Through domestic fracking and other developments, Trump made America independent of Arab oil. As Trump transformed the U.S. into a net energy exporter for the first time since 1953, the Organization of Petroleum Exporting Countries (OPEC) no longer had America over a barrel. The Middle East’s generations-long leverage over the U.S. economy turned to fumes.
The president recognized Jerusalem as Israel’s capital and accepted the Jewish state’s sovereignty over the long-disputed Golan Heights. This signaled the end of Washington’s fetishism over the pointless and unproductive Palestinian “peace process.”
Trump also crippled the ayatollahs by junking Obama-Biden’s slapstick Iran nuclear deal and delivered the drone-driven destruction of Tehran’s top terrorist, Qasem Soleimani. These steps so emboldened anti-Iranian leaders in Sunni Muslim Persian Gulf states that they felt safe to settle with Israel.
Even before Friday’s announcement, this unprecedented, unconventional strategy yielded two agreements that doubled the number of Arab nations — atop Egypt and Jordan — that recognize Israel. The peace treaty between Israel and the UAE was the first such pact in 26 years. The Israel-Bahrain compact then became the first such agreement in 29 days. Sudan’s olive branch arrived six weeks later.
Norwegian lawmaker Christian Tybring-Gjedde foresaw all of this in his Sept. 9 Nobel nomination: “As it is expected, other Middle Eastern countries will follow in the footsteps of the UAE, this agreement could be a game-changer that will turn the Middle East into a region of cooperation and prosperity.”
For eight years, Obama-Biden used American sovereignty as a doormat — from Obama’s rebarbative bowing before kings to the previous administration’s binding America to the Paris global-warming treaty, not after U.S. Senate ratification but upon its approval by 54 foreign governments. Obama-Biden’s dismissal of the U.S. as just another member of the U.N. was eclipsed by Trump’s America First philosophy.
“President Trump has brought a refreshingly new approach to the quest for peace,” four Australian law professors explained in their Sept. 28 nomination, Trump’s third. “Both in his campaign and in office, he has denounced the pursuit of what he terms ‘unwinnable wars.’ Accordingly, he is withdrawing American forces from across the world.”
The legal scholars added: “In what will no doubt eventually be called the Trump Doctrine, his foreign policy has been based on restraint in military engagements, the rebuilding of American military power as a source of dissuasion against aggression, and the adoption of alternative and refreshing approaches to achieving peace.”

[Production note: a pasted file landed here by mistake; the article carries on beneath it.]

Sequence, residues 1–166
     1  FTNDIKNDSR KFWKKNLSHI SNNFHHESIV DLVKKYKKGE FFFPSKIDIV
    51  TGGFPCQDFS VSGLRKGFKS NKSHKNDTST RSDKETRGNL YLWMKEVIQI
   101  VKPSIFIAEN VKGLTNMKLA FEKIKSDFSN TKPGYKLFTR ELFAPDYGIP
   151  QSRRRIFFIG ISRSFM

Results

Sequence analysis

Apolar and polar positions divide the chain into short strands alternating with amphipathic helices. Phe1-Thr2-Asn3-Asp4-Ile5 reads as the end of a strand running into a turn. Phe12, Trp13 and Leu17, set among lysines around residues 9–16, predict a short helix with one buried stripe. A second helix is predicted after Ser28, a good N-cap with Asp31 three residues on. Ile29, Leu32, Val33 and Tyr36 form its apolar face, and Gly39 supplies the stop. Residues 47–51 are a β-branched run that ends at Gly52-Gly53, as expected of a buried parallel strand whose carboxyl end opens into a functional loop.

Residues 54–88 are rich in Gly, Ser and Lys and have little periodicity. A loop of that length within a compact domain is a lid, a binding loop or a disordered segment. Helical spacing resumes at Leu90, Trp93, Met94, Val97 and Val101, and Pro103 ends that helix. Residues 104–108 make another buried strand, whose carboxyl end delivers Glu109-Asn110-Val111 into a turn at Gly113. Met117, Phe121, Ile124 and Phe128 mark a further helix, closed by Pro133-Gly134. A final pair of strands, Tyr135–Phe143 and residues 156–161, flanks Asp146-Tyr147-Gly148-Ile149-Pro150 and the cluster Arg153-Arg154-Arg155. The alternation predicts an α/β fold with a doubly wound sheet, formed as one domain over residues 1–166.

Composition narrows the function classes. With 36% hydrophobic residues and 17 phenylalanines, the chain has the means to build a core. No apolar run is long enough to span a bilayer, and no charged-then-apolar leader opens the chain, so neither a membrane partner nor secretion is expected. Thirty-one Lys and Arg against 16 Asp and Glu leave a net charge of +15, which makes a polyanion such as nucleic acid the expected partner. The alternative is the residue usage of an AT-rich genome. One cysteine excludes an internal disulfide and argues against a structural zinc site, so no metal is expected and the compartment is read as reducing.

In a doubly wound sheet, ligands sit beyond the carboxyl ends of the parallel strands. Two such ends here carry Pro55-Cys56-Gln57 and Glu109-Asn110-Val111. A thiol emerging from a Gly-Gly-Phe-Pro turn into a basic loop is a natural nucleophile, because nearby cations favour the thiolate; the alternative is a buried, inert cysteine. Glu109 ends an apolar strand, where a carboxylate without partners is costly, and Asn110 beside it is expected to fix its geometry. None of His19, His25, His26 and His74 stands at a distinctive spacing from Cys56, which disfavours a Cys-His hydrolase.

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Trump scored a fourth Nobel nomination Oct. 9. Laura Huhtasaari, a Finnish member of the European Parliament, praised the president’s “endeavors to end the era of endless wars, construct peace by encouraging conflicting parties for dialogue and negotiations, as well as underpin internal cohesion and stability of his country.”
“The role of President Trump as a mediator of the Abraham Accords, which potentially mark the dawn of a new Middle East, was indispensable,” Huhtasaari continued. “It is hard to imagine a president of the United States from the last decades, or a current head of state, who would deserve more the Committee’s recognition in 2021 than President Trump for his efforts to build peace in the world,” she finished.
Those who fail to win gleaming gold statuettes at the Academy Awards often say: “It’s an honor just to be nominated.” President Trump already can say this four times and have every right to do so. Moreover, his nominations are based on actual diplomatic accomplishments, not just on showing up for work.
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“The people who have received the Peace Prize in recent years have done much less than Donald Trump,” Christian Tybring-Gjedde told Fox News. Reflecting the stoic clarity for which Norwegians are admired, he added: “For example, Barack Obama did nothing.”
President Trump is perfecting the art of the peace deal. As he demonstrates the concrete benefits of U.S. fortitude, he confirms that in foreign affairs, America is better off now than it was four years ago.